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Pattaya

Making Phuket conservation profitable

Legacy Phuket Gazette

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Making Phuket conservation profitable | Thaiger

PHUKET: Most boaters and divers are sensitive about coral reef areas and try to do the right thing. However, now, with many corporate social responsibility (CSR) projects recognizing the importance of our coral reefs worldwide, a possible alliance between conservationists and businesses in Phuket could be forming to find a profit-oriented solution to the problem of boaters anchoring in coral reef areas.

The premise has two simple, but essential components: make it local and make it pay. Many successful conservation stories around the world have proven that a solution which engages the local community and benefits them financially has a much greater chance of seeing long-term success.

Driven by Safer Phuket, the alliance is growing quickly and already includes Prince of Songkla (Phuket) and Mahidol Universities (Bangkok), as well as leading businesses and marine conservation organizations. The fascinating difference between this and many other conservation efforts on the island is that it is a business-driven proposition which looks to bring a return on investment and financial benefit.

First up on the alliance’s shopping list is a mooring program to replace the current free-for-all that seemingly allows boats to anchor anywhere.

Anchor damage is a huge issue.

According to Dr Wayne Phillips of Mahidol University, “The first priority in reef conservation is to ensure that they are not being ripped up on a daily basis by anchored boats. Our research shows that this is a major issue in Thailand and needs urgent attention. In a recent survey, 71 per cent of divers reported seeing anchor damage to reefs.”

Islands in other parts of the world such as those in the Caribbean, as well as those that compose Hawaii, have banned anchoring for years with strict penalties for yacht owners who do not use mooring buoys.

Penalties in Hawaii include administrative fines of up to US$1,000 (about 32,000 baht) per specimen damaged and impose an additional criminal fine of a minimum of US$250 (about 8,000 baht) for a first offense, US$500 (16,000 baht) for a second offense, and US$1,000 for three or more offenses.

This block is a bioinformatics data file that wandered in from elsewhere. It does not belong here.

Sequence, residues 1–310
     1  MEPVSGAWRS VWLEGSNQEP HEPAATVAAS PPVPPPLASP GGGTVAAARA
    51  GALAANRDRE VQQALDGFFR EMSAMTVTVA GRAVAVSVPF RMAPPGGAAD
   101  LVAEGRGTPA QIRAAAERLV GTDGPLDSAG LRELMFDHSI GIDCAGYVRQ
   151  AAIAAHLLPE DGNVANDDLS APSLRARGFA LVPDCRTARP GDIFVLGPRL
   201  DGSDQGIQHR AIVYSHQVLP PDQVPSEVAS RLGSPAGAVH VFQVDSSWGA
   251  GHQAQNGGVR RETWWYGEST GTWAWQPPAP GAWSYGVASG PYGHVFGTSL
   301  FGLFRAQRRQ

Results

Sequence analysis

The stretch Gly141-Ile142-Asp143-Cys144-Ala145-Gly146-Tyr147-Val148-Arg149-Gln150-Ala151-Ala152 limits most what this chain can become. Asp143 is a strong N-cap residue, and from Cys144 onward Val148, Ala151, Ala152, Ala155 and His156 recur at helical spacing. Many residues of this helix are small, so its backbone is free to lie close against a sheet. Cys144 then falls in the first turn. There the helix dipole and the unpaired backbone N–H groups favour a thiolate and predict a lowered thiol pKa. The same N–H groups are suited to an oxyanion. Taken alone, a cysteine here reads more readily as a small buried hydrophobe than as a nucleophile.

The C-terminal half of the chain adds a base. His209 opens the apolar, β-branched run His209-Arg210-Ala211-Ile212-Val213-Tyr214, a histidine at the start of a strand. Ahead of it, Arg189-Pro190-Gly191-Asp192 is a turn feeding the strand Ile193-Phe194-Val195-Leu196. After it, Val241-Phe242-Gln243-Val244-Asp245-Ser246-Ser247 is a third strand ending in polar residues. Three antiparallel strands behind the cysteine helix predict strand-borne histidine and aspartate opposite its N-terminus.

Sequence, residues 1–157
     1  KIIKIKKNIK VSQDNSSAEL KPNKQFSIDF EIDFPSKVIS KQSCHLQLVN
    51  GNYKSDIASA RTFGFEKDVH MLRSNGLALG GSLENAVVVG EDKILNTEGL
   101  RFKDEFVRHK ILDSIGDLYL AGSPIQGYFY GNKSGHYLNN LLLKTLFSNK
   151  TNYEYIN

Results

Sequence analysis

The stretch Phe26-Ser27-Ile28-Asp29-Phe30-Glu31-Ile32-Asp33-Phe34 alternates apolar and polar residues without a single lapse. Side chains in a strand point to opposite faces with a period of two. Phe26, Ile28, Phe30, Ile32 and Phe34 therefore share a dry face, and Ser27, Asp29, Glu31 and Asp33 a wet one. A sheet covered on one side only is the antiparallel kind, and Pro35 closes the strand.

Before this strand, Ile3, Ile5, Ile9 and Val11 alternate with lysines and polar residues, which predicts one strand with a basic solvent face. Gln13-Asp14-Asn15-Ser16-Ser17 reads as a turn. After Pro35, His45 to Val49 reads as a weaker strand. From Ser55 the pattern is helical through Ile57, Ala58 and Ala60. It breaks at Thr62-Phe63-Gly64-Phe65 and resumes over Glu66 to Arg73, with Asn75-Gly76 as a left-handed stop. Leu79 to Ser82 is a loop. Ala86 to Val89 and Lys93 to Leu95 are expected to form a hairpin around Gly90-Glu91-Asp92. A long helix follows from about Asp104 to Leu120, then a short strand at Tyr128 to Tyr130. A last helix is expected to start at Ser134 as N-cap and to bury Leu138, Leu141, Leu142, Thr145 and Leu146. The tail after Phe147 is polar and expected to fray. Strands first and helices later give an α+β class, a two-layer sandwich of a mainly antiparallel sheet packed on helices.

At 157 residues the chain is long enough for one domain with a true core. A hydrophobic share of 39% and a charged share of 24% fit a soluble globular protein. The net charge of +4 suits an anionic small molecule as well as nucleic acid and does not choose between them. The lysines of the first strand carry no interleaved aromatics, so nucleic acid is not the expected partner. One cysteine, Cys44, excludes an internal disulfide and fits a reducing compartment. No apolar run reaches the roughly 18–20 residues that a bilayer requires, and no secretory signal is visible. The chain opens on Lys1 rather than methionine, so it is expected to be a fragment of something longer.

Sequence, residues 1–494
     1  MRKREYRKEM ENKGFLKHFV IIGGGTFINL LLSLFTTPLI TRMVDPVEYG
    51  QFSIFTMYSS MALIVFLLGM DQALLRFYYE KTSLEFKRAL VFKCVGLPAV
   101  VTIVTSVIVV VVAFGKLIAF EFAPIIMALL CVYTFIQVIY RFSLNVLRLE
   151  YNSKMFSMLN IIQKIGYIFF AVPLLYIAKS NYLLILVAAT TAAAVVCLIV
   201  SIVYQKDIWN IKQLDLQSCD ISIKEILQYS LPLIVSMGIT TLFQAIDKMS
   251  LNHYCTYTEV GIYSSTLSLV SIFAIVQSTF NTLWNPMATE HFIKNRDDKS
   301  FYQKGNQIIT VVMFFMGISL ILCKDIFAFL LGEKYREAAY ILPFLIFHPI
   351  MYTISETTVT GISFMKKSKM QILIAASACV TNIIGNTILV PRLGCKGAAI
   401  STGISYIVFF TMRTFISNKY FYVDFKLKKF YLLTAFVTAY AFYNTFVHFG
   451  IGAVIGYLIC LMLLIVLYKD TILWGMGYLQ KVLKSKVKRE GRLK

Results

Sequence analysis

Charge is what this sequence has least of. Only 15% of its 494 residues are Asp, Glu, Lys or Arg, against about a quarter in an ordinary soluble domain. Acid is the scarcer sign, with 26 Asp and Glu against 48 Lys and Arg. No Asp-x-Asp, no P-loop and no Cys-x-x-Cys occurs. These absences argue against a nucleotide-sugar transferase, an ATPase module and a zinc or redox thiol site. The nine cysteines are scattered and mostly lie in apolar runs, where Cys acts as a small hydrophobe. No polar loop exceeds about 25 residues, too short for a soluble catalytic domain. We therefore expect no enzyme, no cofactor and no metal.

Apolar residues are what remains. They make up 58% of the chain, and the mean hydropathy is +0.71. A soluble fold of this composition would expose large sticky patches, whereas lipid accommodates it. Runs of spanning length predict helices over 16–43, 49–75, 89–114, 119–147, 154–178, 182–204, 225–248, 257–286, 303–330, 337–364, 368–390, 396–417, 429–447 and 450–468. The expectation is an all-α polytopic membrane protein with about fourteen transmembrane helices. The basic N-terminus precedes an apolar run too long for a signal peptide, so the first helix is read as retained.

“We have been conducting a scientific research program at Koh Sak island off Pattaya for some time where there has been nine mooring buoys placed and we’re very pleased to see the improvement,” Dr Phillips explains.

The Department of Marine and Coastal Resources (DMCR) has been supporting this program in Pattaya, and they have now agreed to extend this support to other parts of Thailand.

The mooring system being used by Dr Phillips and his team is different than others in Thailand in that it uses “helix sand screws” instead of concrete blocks.

“We use the helix mooring system, which is the best available and is a proven ecological alternative to concrete blocks. In short, we drive a large screw into the sea bed, making it utterly secure and safe,” explains Gwyn Williams of Dive Tribe, who developed, built and installed the mooring buoys.

The conservation alliance is now looking to populate all of Phuket’s bays with adequate mooring buoys so that anchoring can be banned.

Boats will be charged for mooring and this will help fund the reef conservation work that the universities are doing.

The revenue from the moorings is essential for conservation, and it will also allow the alliance to operate a “quasi-franchise” system for each bay, with a member of each community being awarded a profitable business opportunity that manages, maintains and services the moorings.

— Duncan Stewart

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Archiving articles from the Phuket Gazette circa 1998 - 2017. View the Phuket Gazette online archive and Digital Gazette PDF Prints.

Chiang Mai